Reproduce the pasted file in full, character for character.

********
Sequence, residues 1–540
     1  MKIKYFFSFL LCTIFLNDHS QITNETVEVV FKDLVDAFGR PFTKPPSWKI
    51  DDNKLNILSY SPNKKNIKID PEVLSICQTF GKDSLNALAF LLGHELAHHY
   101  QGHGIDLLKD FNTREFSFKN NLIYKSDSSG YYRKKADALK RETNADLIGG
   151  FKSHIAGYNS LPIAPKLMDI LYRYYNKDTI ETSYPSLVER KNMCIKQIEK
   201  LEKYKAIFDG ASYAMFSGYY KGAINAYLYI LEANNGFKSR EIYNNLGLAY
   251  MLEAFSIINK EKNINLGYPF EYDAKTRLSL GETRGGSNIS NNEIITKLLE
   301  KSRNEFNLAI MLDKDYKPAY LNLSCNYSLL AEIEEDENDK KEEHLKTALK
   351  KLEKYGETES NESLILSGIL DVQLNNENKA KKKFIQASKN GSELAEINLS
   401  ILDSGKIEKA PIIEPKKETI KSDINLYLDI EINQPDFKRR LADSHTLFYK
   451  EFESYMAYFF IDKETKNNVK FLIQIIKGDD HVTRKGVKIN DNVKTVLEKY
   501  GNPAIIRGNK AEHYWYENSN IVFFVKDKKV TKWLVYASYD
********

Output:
Sequence, residues 1–540
     1  MKIKYFFSFL LCTIFLNDHS QITNETVEVV FKDLVDAFGR PFTKPPSWKI
    51  DDNKLNILSY SPNKKNIKID PEVLSICQTF GKDSLNALAF LLGHELAHHY
   101  QGHGIDLLKD FNTREFSFKN NLIYKSDSSG YYRKKADALK RETNADLIGG
   151  FKSHIAGYNS LPIAPKLMDI LYRYYNKDTI ETSYPSLVER KNMCIKQIEK
   201  LEKYKAIFDG ASYAMFSGYY KGAINAYLYI LEANNGFKSR EIYNNLGLAY
   251  MLEAFSIINK EKNINLGYPF EYDAKTRLSL GETRGGSNIS NNEIITKLLE
   301  KSRNEFNLAI MLDKDYKPAY LNLSCNYSLL AEIEEDENDK KEEHLKTALK
   351  KLEKYGETES NESLILSGIL DVQLNNENKA KKKFIQASKN GSELAEINLS
   401  ILDSGKIEKA PIIEPKKETI KSDINLYLDI EINQPDFKRR LADSHTLFYK
   451  EFESYMAYFF IDKETKNNVK FLIQIIKGDD HVTRKGVKIN DNVKTVLEKY
   501  GNPAIIRGNK AEHYWYENSN IVFFVKDKKV TKWLVYASYD